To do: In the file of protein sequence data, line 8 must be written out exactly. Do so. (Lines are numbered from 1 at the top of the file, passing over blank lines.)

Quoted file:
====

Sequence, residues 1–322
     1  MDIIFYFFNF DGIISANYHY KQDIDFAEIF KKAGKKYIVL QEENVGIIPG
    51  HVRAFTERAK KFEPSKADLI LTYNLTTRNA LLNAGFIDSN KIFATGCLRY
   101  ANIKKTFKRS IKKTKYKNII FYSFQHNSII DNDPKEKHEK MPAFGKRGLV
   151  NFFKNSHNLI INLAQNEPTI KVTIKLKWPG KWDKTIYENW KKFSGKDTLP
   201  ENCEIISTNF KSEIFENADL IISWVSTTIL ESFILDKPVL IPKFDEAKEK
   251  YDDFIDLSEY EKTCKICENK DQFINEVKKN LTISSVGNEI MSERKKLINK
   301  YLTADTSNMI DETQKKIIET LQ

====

   301  YLTADTSNMI DETQKKIIET LQ